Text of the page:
Credit: Anon. Main Building, University of Glasgow Credit: Anonymous. Main Building, University of Glasgow
Andrew McCluskey

On 23 November, the University of Glasgow held a Staff and Student Forum on public concerns around Brexit. The event was led by the Principal of the University of Glasgow, Anton Muscatelli.

The panel consisted of a range of Directors and Vice Principals from the University of Glasgow, as well as Ameer Ibrahim, the President of the Students' Representative Council (SRC).

Professor Muscatelli started the event by stating that Brexit is a “matter of huge concern to all of us in the university”. He stated that there is a “huge advantage in being part of a structure that allows us to share ideas”.

With around 25% of staff at the University of Glasgow being EU (European Union) citizens, Brexit is expected to impact both teaching staff and students.

The forum determined that the university will continue with “business as usual” and aim to minimise the effect the vote to leave the EU will have on university life.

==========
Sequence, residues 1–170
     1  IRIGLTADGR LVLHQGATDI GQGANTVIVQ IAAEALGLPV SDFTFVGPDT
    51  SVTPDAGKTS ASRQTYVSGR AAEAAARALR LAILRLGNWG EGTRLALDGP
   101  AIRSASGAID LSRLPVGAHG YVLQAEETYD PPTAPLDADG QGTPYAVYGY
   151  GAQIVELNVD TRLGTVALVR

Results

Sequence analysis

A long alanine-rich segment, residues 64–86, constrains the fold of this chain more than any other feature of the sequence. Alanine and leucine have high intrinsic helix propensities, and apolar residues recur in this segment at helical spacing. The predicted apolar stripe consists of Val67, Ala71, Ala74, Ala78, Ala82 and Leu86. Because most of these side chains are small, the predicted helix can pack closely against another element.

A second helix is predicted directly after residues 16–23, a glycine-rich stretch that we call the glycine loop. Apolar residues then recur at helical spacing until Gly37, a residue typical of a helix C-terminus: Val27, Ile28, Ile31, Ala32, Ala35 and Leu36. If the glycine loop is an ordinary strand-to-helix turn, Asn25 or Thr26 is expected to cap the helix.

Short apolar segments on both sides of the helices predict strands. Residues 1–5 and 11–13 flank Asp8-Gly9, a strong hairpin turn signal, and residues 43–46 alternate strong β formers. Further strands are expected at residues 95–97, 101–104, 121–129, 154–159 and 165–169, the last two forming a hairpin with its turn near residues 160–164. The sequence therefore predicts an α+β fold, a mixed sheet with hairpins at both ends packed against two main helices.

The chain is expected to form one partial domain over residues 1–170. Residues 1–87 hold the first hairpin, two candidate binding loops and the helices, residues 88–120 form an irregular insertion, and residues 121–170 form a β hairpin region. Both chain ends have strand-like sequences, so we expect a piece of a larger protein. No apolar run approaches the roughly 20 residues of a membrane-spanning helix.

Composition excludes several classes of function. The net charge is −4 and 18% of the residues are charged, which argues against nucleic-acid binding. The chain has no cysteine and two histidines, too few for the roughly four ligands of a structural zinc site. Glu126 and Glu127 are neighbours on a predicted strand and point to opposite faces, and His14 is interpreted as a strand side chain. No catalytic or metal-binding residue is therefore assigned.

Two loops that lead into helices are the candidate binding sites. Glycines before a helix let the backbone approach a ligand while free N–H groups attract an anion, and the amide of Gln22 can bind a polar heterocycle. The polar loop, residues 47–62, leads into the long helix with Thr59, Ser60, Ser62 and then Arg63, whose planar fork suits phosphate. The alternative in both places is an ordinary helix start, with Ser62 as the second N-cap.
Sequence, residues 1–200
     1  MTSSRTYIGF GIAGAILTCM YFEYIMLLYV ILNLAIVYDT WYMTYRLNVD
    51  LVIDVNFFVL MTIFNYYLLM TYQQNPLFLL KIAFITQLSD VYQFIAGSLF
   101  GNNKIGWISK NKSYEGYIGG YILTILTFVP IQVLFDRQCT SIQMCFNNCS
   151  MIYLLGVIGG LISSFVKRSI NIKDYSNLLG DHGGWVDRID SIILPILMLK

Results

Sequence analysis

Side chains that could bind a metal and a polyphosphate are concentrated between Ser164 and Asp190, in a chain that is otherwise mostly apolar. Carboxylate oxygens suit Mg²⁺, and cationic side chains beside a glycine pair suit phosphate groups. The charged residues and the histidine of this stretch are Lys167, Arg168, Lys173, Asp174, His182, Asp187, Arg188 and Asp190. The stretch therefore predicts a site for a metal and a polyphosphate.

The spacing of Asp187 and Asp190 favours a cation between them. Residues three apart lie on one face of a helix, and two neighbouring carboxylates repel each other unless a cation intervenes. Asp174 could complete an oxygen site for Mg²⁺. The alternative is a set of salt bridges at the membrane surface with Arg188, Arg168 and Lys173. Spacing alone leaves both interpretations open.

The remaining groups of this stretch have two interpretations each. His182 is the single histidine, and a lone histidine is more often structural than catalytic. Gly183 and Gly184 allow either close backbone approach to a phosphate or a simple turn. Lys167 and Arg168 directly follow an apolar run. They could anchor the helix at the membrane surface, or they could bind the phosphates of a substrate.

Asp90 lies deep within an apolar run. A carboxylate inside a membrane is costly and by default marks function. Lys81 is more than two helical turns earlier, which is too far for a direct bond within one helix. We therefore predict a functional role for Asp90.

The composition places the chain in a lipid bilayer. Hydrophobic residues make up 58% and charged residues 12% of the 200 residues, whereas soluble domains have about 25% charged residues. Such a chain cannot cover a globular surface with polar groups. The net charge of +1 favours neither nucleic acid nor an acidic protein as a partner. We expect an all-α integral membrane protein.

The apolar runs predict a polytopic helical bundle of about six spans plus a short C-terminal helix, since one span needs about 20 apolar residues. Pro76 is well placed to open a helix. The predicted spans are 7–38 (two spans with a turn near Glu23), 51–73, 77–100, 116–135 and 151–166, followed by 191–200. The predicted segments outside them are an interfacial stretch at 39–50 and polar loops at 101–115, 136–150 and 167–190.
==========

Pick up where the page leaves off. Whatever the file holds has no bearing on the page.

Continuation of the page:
The forum collectively believed that being a member of the EU was good for the UK, citing the positives of research collaboration and encouraging student mobility.

As a European himself, Professor Muscatelli stated that the vote to leave felt like “a vote against [him], individually”. Muscatelli discussed the idea that some of the reasons people voted for Brexit had nothing to do with the EU. One example was the “crisis” of increasing inequality, where the UK is making more money, but that money is increasingly being put into the hands of the rich.

One of the questions asked was on the topic of funding research after Brexit. Professor Muscatelli stated that “currently, we get more out than we put in [to the EU]”. He mentioned that if the UK wants a continued relationship with Europe for research, they will have to pay to participate. Vice Principal for Research, Professor Miles Padgett told the forum: “It wasn’t just about the money – it was about the international connectivity”.

Another question regarded placements for modern languages students, which currently rely on the Erasmus program. Vice Principal of Internationalisation James Conroy said that the university has made sure that there are substantial bilateral agreements with foreign institutions to ensure that these placements can continue.

Staff are currently being interviewed in order to find the best way to support them through Brexit. This procedure is not currently open to students, but Professor Muscatelli pledged: “We have to make sure our students are well looked after and will do what we can.”

Muscatelli suggested that students should use the SRC’s free legal advice service if they are concerned about the legal impact that Britain leaving the EU may have on them.

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